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How to Grow Green Beans

Enjoy the health benefits of green beans (Phaseolus vulgaris) all year-round when you discover how to grow green beans in your garden, containers and even indoors. Green beans were originally grown in Central and South America.1 The vegetable was introduced to the Mediterranean region and cultivated around Italy, Greece and Turkey by the 17th century. 

Today, backyard farmers grow green beans around the world as they are easy to grow and you may enjoy a large harvest from a limited space. Green beans come in varieties that may need support (pole beans), or may grow on their own without support (bush beans).

Although growing green beans in your own vegetable garden may seem challenging, as long as you provide some of the basic requirements, you'll be reaping a bountiful reward whether your beans are planted indoors or out. 

Those rewards also extend to the health benefits of green beans, which include being high in fiber, low in calories and having repeatedly demonstrated the ability to lower your risk of chronic illness.2

Prepare Before Planting a Garden or Container of Green Beans

Green beans are annual plants so you'll be planting new green beans each year. The plants enjoy a slightly acidic pH, near 6.0 to 6.2, and moderately rich soil. Prepare your soil before planting green beans seeds by adding organic compost. The seeds may be sown directly outside after the danger of frost is gone.3

Plant the seeds about an inch deep and water immediately. Keep the soil moist by watering regularly. The most important factor for a good harvest is ensuring the soil is warm, as cool, damp soil will rot the plants.4

Sow the seeds for pole beans close together and then thin to about 6 to 10 inches apart after germination. Bush beans may be thinned to 3 to 6 inches apart after germination. Both may be started indoors before the last frost; transplant 3-inch seedlings to your garden or container after the threat of frost has passed.5

If you choose container gardening, the green beans will need at least an 8-inch pot. However, for best results, the container should be 12 inches or larger. The larger the container, the less they will need to be watered. However, the container should have good drainage soil and about an inch of gravel at the bottom to encourage drainage and reduce the potential for root rot.6

Green beans enjoy full sun, so whether in the garden or in a container, they should be placed where they'll receive at least eight hours of direct sunlight each day. Bush beans planted in containers need more space around them than pole varieties for airflow and to reduce the potential for fungal growth.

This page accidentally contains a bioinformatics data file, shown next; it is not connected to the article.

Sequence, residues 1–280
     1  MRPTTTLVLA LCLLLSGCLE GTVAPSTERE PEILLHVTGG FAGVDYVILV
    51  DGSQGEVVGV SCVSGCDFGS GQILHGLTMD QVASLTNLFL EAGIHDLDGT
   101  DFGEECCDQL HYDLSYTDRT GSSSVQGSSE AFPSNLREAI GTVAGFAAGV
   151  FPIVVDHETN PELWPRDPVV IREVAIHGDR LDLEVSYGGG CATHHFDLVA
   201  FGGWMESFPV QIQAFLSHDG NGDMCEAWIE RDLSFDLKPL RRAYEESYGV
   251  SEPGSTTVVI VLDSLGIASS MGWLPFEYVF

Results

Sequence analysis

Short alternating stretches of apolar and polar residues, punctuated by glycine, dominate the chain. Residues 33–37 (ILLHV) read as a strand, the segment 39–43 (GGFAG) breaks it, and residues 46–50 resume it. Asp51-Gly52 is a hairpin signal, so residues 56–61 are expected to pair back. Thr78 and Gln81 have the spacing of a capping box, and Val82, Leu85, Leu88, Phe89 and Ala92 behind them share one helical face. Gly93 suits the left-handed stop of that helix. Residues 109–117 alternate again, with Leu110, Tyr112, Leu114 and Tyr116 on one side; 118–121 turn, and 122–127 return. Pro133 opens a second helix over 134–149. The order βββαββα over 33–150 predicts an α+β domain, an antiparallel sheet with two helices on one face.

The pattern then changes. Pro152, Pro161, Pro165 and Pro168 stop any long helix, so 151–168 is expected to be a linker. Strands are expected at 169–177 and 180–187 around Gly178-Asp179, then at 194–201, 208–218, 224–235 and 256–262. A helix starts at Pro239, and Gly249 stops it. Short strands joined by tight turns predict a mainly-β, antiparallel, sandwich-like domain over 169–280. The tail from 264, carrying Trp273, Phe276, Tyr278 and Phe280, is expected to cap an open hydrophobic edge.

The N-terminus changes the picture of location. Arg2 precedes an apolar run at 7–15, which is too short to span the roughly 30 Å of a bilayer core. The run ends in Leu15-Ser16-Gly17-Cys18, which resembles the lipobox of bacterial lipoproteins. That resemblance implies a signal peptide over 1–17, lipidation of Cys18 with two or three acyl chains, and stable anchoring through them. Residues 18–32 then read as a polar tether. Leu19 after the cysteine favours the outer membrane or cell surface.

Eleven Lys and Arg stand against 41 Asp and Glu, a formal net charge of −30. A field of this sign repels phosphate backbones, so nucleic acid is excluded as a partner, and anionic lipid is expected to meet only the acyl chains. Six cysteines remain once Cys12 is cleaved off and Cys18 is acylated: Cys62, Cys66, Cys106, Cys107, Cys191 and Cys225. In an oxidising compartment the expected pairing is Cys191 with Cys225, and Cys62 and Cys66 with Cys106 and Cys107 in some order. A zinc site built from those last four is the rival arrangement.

On the other hand, pole beans require more vertical space and a stake or trellis to support their growth.7 Once the seedlings are 3 inches or taller, add mulch around the plants to retain moisture and discourage weeds. 

Green beans are not heavy feeders. When grown in garden soil an initial addition of compost and a side dressing of organic fertilizer midway through the growing season is usually enough to produce a hearty harvest of beans. In containers, the vegetables may benefit from monthly organic fertilizer.8

Growing Green Beans Indoors Takes the Sting Out of Winter

You may also consider growing green beans indoors, especially if you enjoy the flavorful addition to your recipes all year long. As it is a relatively quick growing plant and quite pretty, it can make a visually appealing addition to your windows.

When growing indoors, the seeds may be planted any time of the year. However, it is helpful to remember the plants continue to have certain environmental requirements, such as plenty of sunlight. Alternatively, consider using grow lights if you don't have a window receiving at least six hours of direct sunlight each day.9

The plants are warm weather plants and enjoy a spot where the temperature will be at least 50 degrees Fahrenheit (F) and up to 85 degrees F. However, excessive heat and humidity may trigger a variety of problems.10 Since they are an annual plant, you'll get the same number of harvests grown indoors as you would outside.

Fill your containers with the same type of soil as you would have used outdoors — enriched with compost, well-draining, with a pH of 6 to 6.2. Avoid using soil rich in nitrogen. When the seedlings begin to appear and are 3 inches tall, add mulch to retain moisture. 

As with outdoor containers, a light feeding of organic fertilizer once a month may help your harvest. Whether grown indoors or out, most varieties will be fully grown and ready to begin harvesting within 50 to 60 days.11

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